We have clocked it a bit lower as std in 3d but dont worry on occasion ,when we decide we will use a profile that will allow a slight oc untill heat or power overcomes its stabillity< but then that would be the truth and not very good PR:rolleyes:

wizz's review may prove them right and/or it may still oc nicely, But i doubt it, they clearly need to get rid of some iffy stock in my eyes.:wtf:

ill STILL be getting one either way as hybrid physx is worth the effort to me but marketing BS and fanboi,istic backing grates my nerves,, carry on, my peice has been said, ill rant no more.
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#16
the54thvoid
To me it means:

The gpu can dynamically alter clocks to meet a steady fps solution, allowing reduced power usage in real terms.

It is not the same as an idle state gpu. When the 3D rendering initiates on a standard gpu it kicks in to the steady clock rate (i.e. 772 for gtx 580 or 925 for 7970.) and it doesn't budge from that during the 3D session.

Or using media on the PC, the GF110 clocks at about 405MHz.

This to me sounds like a good thing. A variable clocks domain that allows steady fps (perhaps software/hardware detects optimum rates and adjusts clocks to meet).

I would happily buy a card that dumps a steady 60fps on my screen (or 120 for 3D purposes). I dont need my GTX 580 at 832 giving me 300fps. I'd rather have a steady 60fps and core clocks of 405 (or whatever) reducing power usage.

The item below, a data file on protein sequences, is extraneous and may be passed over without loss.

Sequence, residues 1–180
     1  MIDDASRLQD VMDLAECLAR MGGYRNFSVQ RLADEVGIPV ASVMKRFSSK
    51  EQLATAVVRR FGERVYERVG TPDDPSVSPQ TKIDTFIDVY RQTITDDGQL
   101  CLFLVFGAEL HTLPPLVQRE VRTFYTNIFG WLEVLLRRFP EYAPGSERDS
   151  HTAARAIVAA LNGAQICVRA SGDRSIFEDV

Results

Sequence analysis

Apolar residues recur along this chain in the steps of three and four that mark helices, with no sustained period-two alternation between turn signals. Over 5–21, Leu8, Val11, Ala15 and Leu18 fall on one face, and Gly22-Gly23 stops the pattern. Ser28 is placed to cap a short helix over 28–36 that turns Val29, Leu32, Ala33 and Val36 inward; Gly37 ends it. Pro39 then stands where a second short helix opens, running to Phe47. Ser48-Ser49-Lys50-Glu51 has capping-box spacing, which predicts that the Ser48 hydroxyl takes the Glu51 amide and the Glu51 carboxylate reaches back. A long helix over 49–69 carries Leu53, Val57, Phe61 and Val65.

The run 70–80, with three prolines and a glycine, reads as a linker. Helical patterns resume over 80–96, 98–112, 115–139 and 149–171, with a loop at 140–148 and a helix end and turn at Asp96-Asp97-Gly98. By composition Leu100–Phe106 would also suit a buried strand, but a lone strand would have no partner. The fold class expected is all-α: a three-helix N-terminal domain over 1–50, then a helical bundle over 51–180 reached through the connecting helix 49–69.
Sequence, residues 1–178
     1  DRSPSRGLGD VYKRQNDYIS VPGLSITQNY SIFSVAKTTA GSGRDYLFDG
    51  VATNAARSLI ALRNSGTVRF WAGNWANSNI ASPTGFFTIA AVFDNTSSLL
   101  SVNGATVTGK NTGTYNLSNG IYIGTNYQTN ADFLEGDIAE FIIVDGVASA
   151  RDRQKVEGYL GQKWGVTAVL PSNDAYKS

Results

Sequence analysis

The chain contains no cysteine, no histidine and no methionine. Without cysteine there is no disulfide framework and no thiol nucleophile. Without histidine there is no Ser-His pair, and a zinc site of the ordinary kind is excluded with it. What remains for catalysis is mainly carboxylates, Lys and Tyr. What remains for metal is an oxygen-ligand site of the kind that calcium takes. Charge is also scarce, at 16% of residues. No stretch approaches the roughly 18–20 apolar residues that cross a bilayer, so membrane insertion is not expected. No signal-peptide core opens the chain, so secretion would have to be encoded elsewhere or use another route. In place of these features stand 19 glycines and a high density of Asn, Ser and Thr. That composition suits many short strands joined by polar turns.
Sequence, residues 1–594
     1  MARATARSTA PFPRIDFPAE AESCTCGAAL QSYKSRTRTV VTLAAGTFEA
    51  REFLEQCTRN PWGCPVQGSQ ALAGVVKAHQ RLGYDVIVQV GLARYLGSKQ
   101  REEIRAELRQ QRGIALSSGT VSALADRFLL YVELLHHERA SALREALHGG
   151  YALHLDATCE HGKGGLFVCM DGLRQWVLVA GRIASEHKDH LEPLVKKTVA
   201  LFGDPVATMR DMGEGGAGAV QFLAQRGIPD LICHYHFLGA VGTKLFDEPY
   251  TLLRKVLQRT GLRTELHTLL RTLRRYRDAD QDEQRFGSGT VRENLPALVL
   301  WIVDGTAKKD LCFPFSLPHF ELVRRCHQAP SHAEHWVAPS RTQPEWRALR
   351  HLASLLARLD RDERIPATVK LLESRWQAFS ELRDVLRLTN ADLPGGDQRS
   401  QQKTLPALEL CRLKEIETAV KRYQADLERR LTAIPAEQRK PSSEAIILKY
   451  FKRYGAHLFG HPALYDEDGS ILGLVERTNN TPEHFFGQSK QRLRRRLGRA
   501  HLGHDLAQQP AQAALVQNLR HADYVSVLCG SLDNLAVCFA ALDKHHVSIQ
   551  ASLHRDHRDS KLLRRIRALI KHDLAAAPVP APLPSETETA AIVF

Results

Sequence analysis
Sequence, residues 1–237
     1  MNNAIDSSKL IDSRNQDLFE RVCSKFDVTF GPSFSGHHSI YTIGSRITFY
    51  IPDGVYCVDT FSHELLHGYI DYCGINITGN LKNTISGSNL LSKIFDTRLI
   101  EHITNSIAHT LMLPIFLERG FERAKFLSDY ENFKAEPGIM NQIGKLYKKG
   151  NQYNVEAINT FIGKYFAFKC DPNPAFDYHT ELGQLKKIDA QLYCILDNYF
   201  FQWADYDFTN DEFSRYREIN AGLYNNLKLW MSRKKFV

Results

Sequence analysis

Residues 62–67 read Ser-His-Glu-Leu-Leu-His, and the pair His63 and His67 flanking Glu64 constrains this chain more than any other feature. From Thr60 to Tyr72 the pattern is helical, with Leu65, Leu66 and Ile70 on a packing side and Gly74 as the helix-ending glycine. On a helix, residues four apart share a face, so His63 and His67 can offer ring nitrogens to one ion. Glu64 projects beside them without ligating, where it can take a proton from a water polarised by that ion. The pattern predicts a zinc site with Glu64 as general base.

Let's wait for Monday 12th to see (rumoured NDA lift).
Posted on Reply
#17
Aquinus
Resident Wat-man
by: the54thvoid
To me it means:

The gpu can dynamically alter clocks to meet a steady fps solution, allowing reduced power usage in real terms.

It is not the same as an idle state gpu. When the 3D rendering initiates on a standard gpu it kicks in to the steady clock rate (i.e. 772 for gtx 580 or 925 for 7970.) and it doesn't budge from that during the 3D session.

Or using media on the PC, the GF110 clocks at about 405MHz.

This to me sounds like a good thing. A variable clocks domain that allows steady fps (perhaps software/hardware detects optimum rates and adjusts clocks to meet).

I would happily buy a card that dumps a steady 60fps on my screen (or 120 for 3D purposes). I dont need my GTX 580 at 832 giving me 300fps. I'd rather have a steady 60fps and core clocks of 405 (or whatever) reducing power usage.

Let's wait for Monday 12th to see (rumoured NDA lift).
The one problem is that this can be implemented at the driver level.
Posted on Reply
#18
Casecutter
by: Aquinus
It sounds like another way of describing what GPUs are already doing